New EU Tariffs on U.S. Spirits Further Devastates Once Booming Transatlantic Drinks Trade
WASHINGTON – A coalition of 20 trade associations representing the U.S., European Union and United Kingdom wine and distilled spirits and related sectors today warned that new European Union tariffs of 25 percent on U.S. rum, brandy, vodka and vermouth would increase the tensions around the Airbus and Boeing disputes and further damage the once-booming transatlantic drinks trade.
“The application of excessive and unwarranted tariffs has to end,” the coalition said. “Hospitality businesses and our consumers, as well as producers, wholesalers and importers of distilled spirits, wine, and beer are being slammed from both sides of the Atlantic in an aircraft dispute wholly unrelated to the drinks business. This is on top of the closings of restaurants, bars, and distillery and winery tasting rooms because of the COVID-19 pandemic.”
These additional tariffs on U.S. products will further degrade the difficult situation the wines and spirits industries have been facing since additional tariffs were imposed in 2018.
Specifically, in October 2019, the U.S. imposed a 25 percent tariff on Single Malt Scotch Whisky; Single Malt Irish Whiskey from Northern Ireland; liqueurs and cordials from Germany, Ireland, Italy, Spain and the United Kingdom, as well as certain wines from Germany, France, Spain and the UK. This has resulted in a painful 34 percent decline in Scotch Whisky exports, a 28 percent decline in liqueurs and cordials exports and a 54 percent decline in wine exports.
Similarly, the EU imposed a 25 percent tariff on Bourbon and other U.S. Whiskeys since June 2018 in response to U.S. tariffs on steel and aluminum, which has resulted in a 41 percent decline in American Whiskey exports to the EU.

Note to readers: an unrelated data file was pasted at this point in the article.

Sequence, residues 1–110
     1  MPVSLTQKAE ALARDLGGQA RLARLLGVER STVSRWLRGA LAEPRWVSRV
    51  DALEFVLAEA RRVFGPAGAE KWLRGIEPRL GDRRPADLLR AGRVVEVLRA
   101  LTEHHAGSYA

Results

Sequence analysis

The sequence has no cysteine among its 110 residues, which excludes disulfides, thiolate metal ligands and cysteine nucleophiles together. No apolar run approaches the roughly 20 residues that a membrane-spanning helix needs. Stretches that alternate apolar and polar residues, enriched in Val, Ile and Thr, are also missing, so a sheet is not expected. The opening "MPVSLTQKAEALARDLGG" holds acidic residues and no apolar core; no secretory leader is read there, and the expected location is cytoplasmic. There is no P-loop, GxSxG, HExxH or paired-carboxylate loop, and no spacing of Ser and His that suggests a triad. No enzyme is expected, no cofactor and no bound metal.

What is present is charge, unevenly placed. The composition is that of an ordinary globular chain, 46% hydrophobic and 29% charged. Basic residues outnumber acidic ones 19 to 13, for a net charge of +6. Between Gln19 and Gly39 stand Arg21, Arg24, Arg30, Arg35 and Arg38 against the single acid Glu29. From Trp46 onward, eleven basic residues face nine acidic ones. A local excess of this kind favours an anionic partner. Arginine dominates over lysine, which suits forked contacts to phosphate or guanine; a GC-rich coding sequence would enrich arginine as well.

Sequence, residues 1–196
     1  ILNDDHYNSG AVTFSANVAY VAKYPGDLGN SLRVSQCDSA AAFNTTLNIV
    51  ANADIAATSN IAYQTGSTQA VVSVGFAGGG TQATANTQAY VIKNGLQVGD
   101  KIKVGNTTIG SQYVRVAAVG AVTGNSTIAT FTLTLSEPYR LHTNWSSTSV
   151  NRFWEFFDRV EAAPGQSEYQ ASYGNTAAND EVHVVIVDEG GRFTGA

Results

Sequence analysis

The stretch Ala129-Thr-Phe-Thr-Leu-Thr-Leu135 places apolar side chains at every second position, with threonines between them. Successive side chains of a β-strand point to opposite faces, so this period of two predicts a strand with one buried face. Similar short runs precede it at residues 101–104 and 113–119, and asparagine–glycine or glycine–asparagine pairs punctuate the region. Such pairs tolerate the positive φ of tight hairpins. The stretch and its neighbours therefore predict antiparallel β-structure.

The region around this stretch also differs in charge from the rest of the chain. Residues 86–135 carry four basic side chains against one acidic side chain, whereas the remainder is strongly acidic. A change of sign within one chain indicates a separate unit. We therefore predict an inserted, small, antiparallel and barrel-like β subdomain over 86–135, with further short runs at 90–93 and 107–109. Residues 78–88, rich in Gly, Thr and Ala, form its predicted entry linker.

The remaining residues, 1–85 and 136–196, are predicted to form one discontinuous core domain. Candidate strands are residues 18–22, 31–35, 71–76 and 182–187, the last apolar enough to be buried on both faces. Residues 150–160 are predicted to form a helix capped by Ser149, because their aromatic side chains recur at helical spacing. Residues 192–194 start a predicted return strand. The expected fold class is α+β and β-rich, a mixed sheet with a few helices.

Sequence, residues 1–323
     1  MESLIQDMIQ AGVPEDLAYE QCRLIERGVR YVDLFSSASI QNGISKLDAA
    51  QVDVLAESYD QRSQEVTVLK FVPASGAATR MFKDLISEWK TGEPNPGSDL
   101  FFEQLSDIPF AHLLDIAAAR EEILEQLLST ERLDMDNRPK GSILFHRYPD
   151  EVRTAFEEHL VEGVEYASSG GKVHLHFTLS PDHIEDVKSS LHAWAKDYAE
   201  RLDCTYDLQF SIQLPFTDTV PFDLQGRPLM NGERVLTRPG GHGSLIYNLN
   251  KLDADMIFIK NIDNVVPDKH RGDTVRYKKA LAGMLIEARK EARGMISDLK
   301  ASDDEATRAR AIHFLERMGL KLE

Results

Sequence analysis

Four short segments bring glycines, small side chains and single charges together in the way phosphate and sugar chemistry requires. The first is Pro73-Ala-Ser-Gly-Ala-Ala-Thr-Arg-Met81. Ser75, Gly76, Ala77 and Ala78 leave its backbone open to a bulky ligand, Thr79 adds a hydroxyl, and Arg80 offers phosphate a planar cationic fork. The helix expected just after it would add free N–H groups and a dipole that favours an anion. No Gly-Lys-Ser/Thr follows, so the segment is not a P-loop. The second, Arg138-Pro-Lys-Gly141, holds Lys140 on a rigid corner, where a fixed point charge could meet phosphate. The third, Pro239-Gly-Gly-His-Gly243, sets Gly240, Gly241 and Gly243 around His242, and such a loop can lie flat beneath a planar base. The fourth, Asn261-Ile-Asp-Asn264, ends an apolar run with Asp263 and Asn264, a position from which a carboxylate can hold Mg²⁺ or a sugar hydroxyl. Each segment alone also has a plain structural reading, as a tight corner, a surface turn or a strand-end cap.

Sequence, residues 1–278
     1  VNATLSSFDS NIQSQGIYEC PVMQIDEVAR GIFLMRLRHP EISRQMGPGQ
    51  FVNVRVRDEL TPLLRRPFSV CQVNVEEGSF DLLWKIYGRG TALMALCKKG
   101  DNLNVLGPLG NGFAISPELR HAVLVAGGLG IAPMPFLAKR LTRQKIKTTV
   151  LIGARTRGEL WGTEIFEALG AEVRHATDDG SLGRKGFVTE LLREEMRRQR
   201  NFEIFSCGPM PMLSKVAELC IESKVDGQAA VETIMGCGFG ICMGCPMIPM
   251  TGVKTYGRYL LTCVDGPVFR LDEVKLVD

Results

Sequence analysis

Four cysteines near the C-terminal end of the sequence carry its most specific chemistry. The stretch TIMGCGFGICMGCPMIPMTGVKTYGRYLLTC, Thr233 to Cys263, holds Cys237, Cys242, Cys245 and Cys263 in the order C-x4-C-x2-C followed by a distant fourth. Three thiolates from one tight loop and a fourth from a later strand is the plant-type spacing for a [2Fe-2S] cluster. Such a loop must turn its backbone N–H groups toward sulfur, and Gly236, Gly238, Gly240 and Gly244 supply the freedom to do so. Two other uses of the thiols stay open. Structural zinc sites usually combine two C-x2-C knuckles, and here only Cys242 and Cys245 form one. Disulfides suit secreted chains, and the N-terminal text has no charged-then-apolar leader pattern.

The coalition also noted that the imposition of additional tariffs would force more businesses to close their doors and lay off more workers in sectors already severely weakened because of the global pandemic & related restrictions.
“The U.S. and EU need to return to the negotiating table without delay,” the coalition added. “They need to immediately suspend the current tariffs as they negotiate an agreement to simultaneously eliminate additional tariffs on distilled spirits and wine in these disputes unrelated to the sector.”
The coalition is made up of the Distilled Spirits Council Of The United States, SpiritsEUROPE, Scotch Whisky Association, Comité Européen Des Entreprises Vins, Wine Institute, American Beverage Licensees, WineAmerica, Wine & Spirits Wholesalers Of America, National Retail Federation, American Craft Spirits Association, American Distilled Spirits Alliance, U.S. Wine Trade Alliance, National Council Of Chain Restaurants, Kentucky Distillers’ Association, National Restaurant Association, National Association Of Beverage Importers, National Association Of Wine Retailers, The Wine and Spirits Trade Association, Napa Valley Vintners, and Wine And Spirits Shippers Association.
- On October 7, 18 U.S. and EU associations representing the U.S., European and United Kingdom beverage alcohol and related sectors sent a letter to the United States Trade Representative and the European Commission for Trade expressing their shared opposition to tariffs on wine, distilled spirits and beer, and urging for their immediate elimination.
- According to a DISCUS analysis, American Whiskey exports to the EU (which includes the UK until it departs the EU customs union) have tumbled by 41 percent, costing producers more than $300 million, since the EU’s 25 percent retaliatory tariff went into effect in June 2018.
- Since October 18, 2019, the U.S. has imposed a 25 percent tariff on imports of Single Malt Scotch Whisky; Single Malt Irish Whiskey from Northern Ireland; liqueurs and cordials from Germany, Ireland, Italy, Spain and the United Kingdom, and certain wines from Germany, France, Spain & the UK. According to the latest data available:
- U.S. imports of Scotch Whisky are down by nearly 34 percent between October 2019 and August. 2020 ($949 million) compared to October 2018 through August 2019 ($1.43 billion).
- U.S. imports of liqueurs and cordials from Germany, Ireland, Italy, Spain and the United Kingdom are down by approximately 28 percent between October 2019 and August 2020 ($371 million) compared to October 2018 through August 2019 ($514 million).
- U.S. imports of the categories of wines concerned by the tariffs from Germany, France, Spain and the UK went down by 54 percent between November 2019 and August 2020 ($528 million) compared to November 2018 through August 2019 ($1.2 billion).